The other day, in my twitter feed, retweeted by @arhomberg, was this:
Usability post: The return of the scroll usabilitypost.com/2012/10/29/the…— Tim Spalding (@librarythingtim) November 3, 2012
and the article sounded interesting so I took a look.
Disclaimer: I don’t have iOS6 on my iPad (I’m a bit scared of getting maps that don’t work) so haven’t experienced the scroll in the books app and am therefore responding to the article rather than my experiences. Also, the books app isn’t my reading app of choice, I’ve been using ReadMill for most things.
I’m a fan of the scrolling metaphor. I’m used to reading longer form text using a scrolling mechanism via a browser, or instapaper. I’m also used to using page turns in both analogue books and on my kindle.
I took a few moments to see which of the non-supplied iPad apps I use makes use of which page turn mechanism:
- ReadMill - page turn
- Flipboard - a mixture (see below)
- Instapaper - page turn (I hadn’t realised this until I started writing this - I mainly read Instapaper articles via my kindle and use the iPad interface to quote extracts from or to mark them as read) or automatic tilted scrolling (which I’ve never got on so well with)
- reeder - scroll
So, the majority of apps I’ve installed use a page turning mechanism. Before looking I would have said they used scrolling. I do find that the device influences my expectations, and I’ve always found the page turn mechanism on my iPhone or iPad cumbersome, preferring to scroll (especially if the application has an overly animated page turn interface!) even if my app choice doesn’t necessarily back that up.
I find flipboard to be the one app which seems undecided and inconsistent - some content scrolls, some has been paginated. As a user I need to determine this on a per article/piece of content basis and adjust my interaction accordingly. This doesn’t seem great. If I have to learn an interaction or gesture for an app, it should be used consistently throughout that app. Also the page number information is displayed in different areas depending on the content provider, which again doesn’t help. See some examples below:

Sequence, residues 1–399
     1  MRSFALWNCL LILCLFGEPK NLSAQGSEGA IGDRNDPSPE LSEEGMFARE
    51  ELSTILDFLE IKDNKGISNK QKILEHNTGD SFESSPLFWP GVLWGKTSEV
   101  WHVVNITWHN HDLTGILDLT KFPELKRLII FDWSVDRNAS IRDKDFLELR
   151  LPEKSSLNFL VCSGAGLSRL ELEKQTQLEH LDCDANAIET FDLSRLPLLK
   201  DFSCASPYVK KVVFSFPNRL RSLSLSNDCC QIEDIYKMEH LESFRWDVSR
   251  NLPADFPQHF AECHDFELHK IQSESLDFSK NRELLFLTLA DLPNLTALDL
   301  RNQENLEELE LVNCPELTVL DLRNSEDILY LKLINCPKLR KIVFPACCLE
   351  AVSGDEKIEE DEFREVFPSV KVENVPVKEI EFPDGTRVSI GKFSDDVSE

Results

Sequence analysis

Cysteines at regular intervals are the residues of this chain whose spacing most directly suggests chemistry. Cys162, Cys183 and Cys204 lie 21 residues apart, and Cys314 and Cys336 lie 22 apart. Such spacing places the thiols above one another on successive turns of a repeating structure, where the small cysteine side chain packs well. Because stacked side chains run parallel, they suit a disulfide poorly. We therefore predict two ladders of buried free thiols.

and a scroll example:
I have a 3rd generation kindle. It has page turn buttons. These work fine and my kindle is my reading apparatus of choice for long form text. My fingers don’t get in the way of my reading experience, neither do I need to hold the device in a particular way other than to be able to touch one of the buttons on either side of the screen. The following paragraph taken from the original article is quite interesting and gives context around this design decision:
Due to the technical limitations of the time it didn’t have a touch screen and relied solely on physical buttons for navigation. While you can implement a scrolling interface with physical buttons, the slow page refresh rate of the e-Ink display would make the experience of going up and down very laggy and unpleasant. This leaves page navigation as the only viable option since a single button will now be pushing a whole page load worth of text, and so would not need to be pressed as much. The scroll interface just wasn’t an option.
From my perspective, a lot of long form text is linear in nature. So let me, as the user, interact with it in that manner. Scrolling does that. Page turning doesn’t as it artificially breaks the text into chunks. And depending on my font choice, or the app I choose to read the text in, those page breaks will be different. This has made me wonder if, in a similar way to in giving presentations and holding attention, there is significance in breaking the work up beyond chapters and if authors consider page endings in a similar way to chapter endings. I suspect not. This is also mentioned in Scrolling or paging? where it says: